The Tudor Society

13 January – The Prince of Poets

On this day in Tudor history, 13th January 1599, Elizabethan poet and administrator in Ireland, Edmund Spenser, died in Westminster. He was described as "the prince of poets in his time" and is best known for his allegorical poem in praise of Elizabeth I, "The Faerie Queene".

But, did you know that he also upset William Cecil twice and that his most famous work is actually unfinished?

Find out more about Edmund Spenser in today's talk.

Read Volume 1 of Spenser’s The Faerie Queene at

Also on this day in Tudor history, 13th January 1547, poet and soldier, Henry Howard, Earl of Surrey, was tried at Guildhall, found guilty and sentenced to death. Find out why and what happened in my video from last year:

Also on this day in history:


On this day in Tudor history, 13th January 1599, Elizabethan poet and administrator in Ireland, Edmund Spenser, died in Westminster, probably in King Street. He was buried three days later near fellow poet Geoffrey Chaucer in Westminster Abbey. His friend Robert Devereux, Earl of Essex, paid for his burial.

William Camden recorded this epitaph in his guide to the abbey in 1600:
“Here close to Chaucer lies Spenser; nearest to him in genius, so nearest to him in burial. Here near Chaucer, O poet Spenser, you will join a poet, even closer to him in your verse than in your tomb. While you were living, English Poesy lived & clapped her hands; now at the point of death, you dying, she fears to die.”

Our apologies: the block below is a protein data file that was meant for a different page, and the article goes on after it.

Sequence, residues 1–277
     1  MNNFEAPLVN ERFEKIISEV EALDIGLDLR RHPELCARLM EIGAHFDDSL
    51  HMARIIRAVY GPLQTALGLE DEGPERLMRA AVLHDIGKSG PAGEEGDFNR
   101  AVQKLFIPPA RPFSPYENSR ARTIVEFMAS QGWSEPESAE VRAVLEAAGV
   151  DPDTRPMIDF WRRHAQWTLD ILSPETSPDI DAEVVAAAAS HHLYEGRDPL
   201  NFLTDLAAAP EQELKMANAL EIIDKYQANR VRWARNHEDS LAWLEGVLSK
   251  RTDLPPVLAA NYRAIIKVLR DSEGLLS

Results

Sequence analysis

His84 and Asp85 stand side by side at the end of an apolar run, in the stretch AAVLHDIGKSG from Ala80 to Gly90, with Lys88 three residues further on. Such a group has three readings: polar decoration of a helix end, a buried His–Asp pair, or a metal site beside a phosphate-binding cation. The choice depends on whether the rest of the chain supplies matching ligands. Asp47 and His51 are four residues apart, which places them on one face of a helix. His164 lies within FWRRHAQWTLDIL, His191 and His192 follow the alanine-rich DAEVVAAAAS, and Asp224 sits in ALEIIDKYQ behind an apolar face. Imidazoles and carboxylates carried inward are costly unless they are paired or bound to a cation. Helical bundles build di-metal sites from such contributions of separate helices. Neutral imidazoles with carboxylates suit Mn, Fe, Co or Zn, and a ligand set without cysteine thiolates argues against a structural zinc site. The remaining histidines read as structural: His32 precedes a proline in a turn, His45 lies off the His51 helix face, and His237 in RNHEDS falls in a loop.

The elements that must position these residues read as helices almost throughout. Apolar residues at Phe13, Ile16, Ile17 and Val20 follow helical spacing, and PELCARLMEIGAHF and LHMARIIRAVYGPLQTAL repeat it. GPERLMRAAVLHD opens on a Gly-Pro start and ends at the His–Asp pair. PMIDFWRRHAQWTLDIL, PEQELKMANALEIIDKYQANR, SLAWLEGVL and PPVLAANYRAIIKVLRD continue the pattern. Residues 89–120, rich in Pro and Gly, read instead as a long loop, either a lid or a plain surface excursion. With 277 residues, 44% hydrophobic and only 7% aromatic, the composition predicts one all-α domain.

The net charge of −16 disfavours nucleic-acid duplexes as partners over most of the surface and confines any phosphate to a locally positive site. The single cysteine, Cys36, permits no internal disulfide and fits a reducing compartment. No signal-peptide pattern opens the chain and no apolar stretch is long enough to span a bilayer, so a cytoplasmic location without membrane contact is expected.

Spenser’s marble memorial on the south wall of Poet’s Corner in the abbey, reads:

If you’re wondering why I said he died in 1599, but his memorial states 1598, that’s because the calendar year in Tudor times started on Lady Day, 25th March.

Spenser is, of course, best known for his allegorical poem “The Faerie Queene”, which was dedicated to Elizabeth I, but here are a few more facts about this Tudor poet…

• He was born around 1552/1553 in London, probably in East or West Smithfield, and very little is known about his family, other than his mother was called Elizabeth.
• He was educated at the Merchant Taylors’ School under humanist educational theorist Richard Mulcaster, and then at Pembroke College, Cambridge, where he earned his bed and board working as a servant.
• Spenser was a precocious boy, translating a series of 21 poems before he started university.
• Spenser was proficient in Latin, Greek, French and Italian, and was mentored by scholar and writer Gabriel Harvey.
• Spenser also undertook secretarial work for patrons such as Sir Henry Norris, the English ambassador to France, while he was a student.
• Spenser attained his BA in 1573 and his MA in 1576.
• By 1579, Spenser had become one of Robert Dudley, Earl of Leicester’s circle and had become acquainted with Sir Philip Sidney, Edward Dyer and Daniel Rogers.
• He married Maccabaeus Childe in October 1579 and the couple went on to have two children: Sylvanus and Katherine. Maccabaeus died in the early 1590s and Spenser married Elizabeth Boyle in 1594, who gave him a son, Peregrine.